Cervical Screening Awareness Week 2022

24 June 2022

Cervical screening awareness week ends on June 26 2022. The aim of the promotion by cancer charity Macmillan, with whom Shoosmiths works closely, is to stress the importance of attending a screening appointment - one in four of those invited for a screening test do not attend.

Sarah Harper, legal director in Shoosmiths medical negligence team, comments:

“There are no obvious symptoms associated with cell changes in the cervix, including the ones that are most likely to become cancer, so unless you have a screen you will never know until it is too late and potentially life-saving treatment will be delayed.”

Many women worry about attending cervical screening appointments due to anxiety, embarrassment, or concerns about the procedure. Some may have lost confidence in the test following the widely publicised case of Julie O’Connor, who died from cervical cancer in February 2019  despite having had six ’negative’ smear tests. An expert witness at the ensuing inquest said that if the cancer had been correctly diagnosed earlier, Julie would have had surgery and a good prognosis.

Shoosmiths handled a case similar to Ms O’Connor’s where our client was in her early 30’s when her cervical smear test was misdiagnosed. Her condition was so serious that she had to have an urgent hysterectomy which ruined her plans to add to her family in the future. knew that, due to the misdiagnoses which prevented her early treatment, her life expectancy was limited and tragically she died in hospital at only 34 years of age. The errors which resulted in her tragic death have thankfully been addressed, and fewer results are now misinterpreted.

Perversely, the introduction of HPV (Human Papillomavirus) primary screening in place of the previous cytology test and the roll out of the HPV vaccine may further decrease the likelihood of women attending screening appointments. Although most cervical cancers are caused by the Human Papillomavirus, cervical screening is still important to have even if you have had the HPV vaccination.  The vaccine will protect against the most common types of high-risk HPV that cause cervical cancers but does not protect against all types.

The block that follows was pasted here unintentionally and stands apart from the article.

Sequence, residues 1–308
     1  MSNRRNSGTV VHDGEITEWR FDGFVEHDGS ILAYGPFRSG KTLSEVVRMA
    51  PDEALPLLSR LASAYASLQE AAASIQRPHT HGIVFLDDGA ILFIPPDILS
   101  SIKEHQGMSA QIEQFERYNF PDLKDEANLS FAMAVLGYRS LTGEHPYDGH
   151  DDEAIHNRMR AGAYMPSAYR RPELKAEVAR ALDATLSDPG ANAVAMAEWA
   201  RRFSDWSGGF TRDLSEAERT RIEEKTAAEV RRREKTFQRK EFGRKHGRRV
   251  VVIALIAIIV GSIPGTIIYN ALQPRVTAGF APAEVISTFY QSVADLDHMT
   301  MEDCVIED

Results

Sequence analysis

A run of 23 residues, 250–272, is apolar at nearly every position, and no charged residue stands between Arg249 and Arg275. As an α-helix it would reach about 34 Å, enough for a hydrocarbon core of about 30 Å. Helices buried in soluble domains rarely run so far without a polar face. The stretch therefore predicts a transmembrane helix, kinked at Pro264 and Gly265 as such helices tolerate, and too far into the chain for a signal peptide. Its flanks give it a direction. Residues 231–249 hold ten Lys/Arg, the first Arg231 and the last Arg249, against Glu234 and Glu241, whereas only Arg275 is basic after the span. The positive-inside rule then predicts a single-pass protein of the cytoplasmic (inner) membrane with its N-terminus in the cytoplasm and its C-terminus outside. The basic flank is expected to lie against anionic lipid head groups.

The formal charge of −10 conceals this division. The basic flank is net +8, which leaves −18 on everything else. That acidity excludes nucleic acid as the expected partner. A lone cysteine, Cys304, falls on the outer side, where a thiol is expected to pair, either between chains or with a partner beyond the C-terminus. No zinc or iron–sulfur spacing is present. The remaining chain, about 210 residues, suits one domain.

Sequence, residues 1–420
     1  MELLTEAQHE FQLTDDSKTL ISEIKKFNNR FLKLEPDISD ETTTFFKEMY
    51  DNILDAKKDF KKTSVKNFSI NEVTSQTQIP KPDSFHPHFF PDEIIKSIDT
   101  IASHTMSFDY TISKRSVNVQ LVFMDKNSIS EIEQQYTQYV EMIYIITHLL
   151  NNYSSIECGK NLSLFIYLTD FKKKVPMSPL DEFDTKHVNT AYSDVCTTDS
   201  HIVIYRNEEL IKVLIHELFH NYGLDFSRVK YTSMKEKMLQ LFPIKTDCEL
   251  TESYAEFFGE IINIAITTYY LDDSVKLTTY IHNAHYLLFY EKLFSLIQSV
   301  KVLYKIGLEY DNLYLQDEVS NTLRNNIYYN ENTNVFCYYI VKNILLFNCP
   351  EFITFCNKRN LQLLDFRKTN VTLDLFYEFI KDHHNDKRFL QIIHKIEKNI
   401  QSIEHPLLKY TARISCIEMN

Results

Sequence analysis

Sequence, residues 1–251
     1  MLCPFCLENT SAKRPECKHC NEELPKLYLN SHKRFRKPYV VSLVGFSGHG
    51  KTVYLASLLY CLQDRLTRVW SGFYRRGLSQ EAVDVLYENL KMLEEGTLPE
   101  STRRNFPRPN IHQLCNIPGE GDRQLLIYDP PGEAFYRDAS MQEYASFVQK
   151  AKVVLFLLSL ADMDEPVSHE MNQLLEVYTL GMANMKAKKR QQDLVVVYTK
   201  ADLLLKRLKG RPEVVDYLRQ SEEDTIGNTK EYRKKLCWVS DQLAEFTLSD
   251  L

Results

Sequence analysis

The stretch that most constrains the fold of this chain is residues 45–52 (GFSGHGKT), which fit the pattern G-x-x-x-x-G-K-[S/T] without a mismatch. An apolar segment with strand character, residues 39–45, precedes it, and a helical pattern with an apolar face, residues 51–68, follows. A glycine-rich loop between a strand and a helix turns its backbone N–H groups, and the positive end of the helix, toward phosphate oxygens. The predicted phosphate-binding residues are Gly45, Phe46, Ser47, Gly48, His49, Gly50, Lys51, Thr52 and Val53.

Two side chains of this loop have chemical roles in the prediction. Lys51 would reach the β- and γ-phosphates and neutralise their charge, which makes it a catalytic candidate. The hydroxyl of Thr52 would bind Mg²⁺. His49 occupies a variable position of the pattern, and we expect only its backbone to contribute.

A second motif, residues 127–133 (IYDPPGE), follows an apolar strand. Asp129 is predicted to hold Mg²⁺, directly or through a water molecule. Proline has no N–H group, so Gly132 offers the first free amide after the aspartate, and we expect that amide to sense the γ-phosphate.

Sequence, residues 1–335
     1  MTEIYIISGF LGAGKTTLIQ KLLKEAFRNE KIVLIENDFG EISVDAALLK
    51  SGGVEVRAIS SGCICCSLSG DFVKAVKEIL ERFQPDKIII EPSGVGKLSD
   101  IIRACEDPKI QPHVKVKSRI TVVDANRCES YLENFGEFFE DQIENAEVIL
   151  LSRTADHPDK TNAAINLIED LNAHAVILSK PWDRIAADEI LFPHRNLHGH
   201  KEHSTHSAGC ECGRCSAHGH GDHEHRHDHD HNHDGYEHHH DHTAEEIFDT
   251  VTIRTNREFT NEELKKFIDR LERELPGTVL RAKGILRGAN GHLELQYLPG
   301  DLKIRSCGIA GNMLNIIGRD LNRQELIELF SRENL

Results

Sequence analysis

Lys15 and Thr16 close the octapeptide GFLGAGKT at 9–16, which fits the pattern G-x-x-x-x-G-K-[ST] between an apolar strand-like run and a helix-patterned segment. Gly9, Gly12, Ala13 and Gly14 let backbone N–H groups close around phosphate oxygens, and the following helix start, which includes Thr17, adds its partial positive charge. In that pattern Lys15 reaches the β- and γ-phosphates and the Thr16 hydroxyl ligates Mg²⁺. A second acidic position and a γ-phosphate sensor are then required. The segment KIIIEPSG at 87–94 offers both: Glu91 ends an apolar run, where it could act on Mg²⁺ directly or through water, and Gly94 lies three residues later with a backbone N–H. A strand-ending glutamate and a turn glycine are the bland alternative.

For many young women between 25 and 35 years old, delay or misdiagnosis of cervical cancer in particular can have catastrophic consequences. Since a radical hysterectomy is often required in these cases, the opportunity to start or expand a family will be lost.  Many are also left with bladder damage and lymphoedema, all of which could have been avoided had an earlier, correct, diagnosis been made.

Sarah concludes:

“It is important that women take up their appointments for cervical screening. A missed appointment is a missed opportunity. Women still need regular screening to detect any changes which should be acted on at an early stage. I would urge anyone who perhaps feels the HPV vaccine means there is no need to screen or whose confidence in the interpretation of test results is undermined or is simply too frightened or embarrassed to attend a cervical smear to think again.”

if you’re worried about cervical screening or your screening results, Macmillan has a great deal of information to explain, reassure and educate on their website at: https://www.macmillan.org.uk/cancer-awareness/cervical-screening-awareness-week



This information is for educational purposes only and does not constitute legal advice. It is recommended that specific professional advice is sought before acting on any of the information given. © Shoosmiths LLP 2024

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